I’m just back from an amazing conference – the Microsoft Global Chief Information Officer Summit in Seattle. Which, since I’m based on the East Coast, involved a rather long couple of flights. Now, today, nobody has very much nice to say about airlines, but I’ve always found it remarkable that even amidst the stresses facing the industry, we takes its safety for granted. Gripe, gripe, gripe, yes, but we’re willing to trust our lives to an industry that is widely disliked by so many.
So why is flying so safe? Because the industry has made huge investments in making sure that mistakes don’t get repeated, that the causes for accidents are understood, and that enough resources are put into redundancy, engineering and creating wide margins for error. Indeed, pilots are even rewarded for reporting problems.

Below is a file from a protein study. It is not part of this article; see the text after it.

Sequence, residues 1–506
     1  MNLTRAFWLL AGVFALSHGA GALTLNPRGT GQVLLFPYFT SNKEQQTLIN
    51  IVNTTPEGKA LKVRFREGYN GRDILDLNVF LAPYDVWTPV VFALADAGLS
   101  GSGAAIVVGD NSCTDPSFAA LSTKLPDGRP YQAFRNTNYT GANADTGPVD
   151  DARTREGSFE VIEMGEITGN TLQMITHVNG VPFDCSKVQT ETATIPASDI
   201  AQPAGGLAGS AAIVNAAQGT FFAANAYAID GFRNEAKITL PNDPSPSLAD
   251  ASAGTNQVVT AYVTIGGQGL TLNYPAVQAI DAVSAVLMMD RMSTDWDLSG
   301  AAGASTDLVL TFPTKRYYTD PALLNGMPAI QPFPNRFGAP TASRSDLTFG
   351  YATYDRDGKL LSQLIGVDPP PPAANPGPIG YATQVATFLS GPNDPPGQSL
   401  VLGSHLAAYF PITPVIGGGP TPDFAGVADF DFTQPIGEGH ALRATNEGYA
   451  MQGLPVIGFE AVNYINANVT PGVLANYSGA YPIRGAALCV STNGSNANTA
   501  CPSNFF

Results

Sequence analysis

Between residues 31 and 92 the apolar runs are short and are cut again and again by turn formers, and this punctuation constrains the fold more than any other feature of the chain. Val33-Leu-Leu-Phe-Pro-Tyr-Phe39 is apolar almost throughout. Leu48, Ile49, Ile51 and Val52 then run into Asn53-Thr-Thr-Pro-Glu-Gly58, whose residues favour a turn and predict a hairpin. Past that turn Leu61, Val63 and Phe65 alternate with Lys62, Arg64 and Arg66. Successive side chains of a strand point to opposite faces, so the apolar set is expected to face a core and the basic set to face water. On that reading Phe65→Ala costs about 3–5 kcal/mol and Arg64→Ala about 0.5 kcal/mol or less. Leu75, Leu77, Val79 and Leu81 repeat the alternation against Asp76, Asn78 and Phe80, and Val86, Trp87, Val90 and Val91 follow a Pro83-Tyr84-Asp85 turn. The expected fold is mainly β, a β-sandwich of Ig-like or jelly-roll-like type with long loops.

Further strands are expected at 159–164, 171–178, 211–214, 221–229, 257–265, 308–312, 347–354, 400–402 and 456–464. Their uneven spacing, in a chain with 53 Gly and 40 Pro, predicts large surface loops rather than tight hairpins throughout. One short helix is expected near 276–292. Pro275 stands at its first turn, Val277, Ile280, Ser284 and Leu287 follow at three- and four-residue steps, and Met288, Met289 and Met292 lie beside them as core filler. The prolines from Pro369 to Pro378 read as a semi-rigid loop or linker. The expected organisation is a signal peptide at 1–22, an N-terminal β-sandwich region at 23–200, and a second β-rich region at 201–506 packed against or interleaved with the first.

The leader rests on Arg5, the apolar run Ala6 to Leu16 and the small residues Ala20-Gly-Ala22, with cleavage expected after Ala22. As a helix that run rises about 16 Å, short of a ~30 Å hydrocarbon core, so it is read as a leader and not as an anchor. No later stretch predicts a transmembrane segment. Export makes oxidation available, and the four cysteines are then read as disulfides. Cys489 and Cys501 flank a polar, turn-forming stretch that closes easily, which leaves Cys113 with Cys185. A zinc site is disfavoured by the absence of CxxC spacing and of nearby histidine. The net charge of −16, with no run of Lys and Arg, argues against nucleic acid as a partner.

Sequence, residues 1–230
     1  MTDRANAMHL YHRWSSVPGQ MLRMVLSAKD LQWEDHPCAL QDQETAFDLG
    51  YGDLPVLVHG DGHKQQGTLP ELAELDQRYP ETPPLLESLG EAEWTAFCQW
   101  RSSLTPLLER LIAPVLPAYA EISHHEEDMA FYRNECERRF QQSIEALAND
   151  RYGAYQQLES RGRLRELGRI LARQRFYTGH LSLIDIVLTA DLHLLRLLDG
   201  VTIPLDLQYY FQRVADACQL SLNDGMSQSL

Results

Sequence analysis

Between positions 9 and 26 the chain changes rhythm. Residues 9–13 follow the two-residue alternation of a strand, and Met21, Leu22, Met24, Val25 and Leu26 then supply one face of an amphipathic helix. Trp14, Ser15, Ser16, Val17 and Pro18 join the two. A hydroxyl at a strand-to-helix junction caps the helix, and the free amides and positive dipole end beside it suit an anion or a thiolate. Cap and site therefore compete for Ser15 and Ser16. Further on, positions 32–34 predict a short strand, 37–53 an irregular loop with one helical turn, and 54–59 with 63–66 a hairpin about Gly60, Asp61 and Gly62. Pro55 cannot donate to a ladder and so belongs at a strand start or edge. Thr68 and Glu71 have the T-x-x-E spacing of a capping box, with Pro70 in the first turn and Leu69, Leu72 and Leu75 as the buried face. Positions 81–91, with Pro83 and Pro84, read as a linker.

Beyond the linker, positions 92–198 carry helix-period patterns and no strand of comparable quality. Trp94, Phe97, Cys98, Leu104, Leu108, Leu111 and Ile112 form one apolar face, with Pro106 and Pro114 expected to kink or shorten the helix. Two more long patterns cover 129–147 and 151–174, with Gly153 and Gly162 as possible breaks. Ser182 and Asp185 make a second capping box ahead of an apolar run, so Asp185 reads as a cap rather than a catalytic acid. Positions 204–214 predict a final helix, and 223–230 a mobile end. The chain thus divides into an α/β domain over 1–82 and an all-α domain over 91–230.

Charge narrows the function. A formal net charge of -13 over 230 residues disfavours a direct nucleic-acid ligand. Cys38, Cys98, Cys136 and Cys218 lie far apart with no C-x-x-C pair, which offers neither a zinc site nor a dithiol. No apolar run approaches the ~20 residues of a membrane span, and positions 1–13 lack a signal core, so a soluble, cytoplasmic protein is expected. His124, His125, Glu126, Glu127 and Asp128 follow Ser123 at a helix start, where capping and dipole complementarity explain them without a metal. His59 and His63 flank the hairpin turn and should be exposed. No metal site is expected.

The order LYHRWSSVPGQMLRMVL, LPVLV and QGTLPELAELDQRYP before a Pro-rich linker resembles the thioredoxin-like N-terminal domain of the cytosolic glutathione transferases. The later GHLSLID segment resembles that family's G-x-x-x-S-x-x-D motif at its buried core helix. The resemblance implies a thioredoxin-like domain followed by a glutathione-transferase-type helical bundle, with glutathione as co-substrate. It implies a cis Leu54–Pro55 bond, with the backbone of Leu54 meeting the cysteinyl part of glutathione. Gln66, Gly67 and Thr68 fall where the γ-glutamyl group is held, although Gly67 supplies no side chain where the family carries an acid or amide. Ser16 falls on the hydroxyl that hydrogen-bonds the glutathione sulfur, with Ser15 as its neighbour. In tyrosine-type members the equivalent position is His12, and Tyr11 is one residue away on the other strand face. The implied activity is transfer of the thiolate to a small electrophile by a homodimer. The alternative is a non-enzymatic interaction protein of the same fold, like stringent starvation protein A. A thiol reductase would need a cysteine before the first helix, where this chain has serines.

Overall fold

Which brings me to the future of so-called ‘cloud’ computing. Google has recently blown it yet again when its contact database went down, stranding users who depend on access to the information. Not too long ago, the gmail service went down as well. I would argue that before companies and individuals trust their digital lives to the so-called ‘cloud’ that they are going to have to get just as reliable and just as focused on preventing disasters as the airlines. And there doesn’t seem to be a push in that direction, at least yet.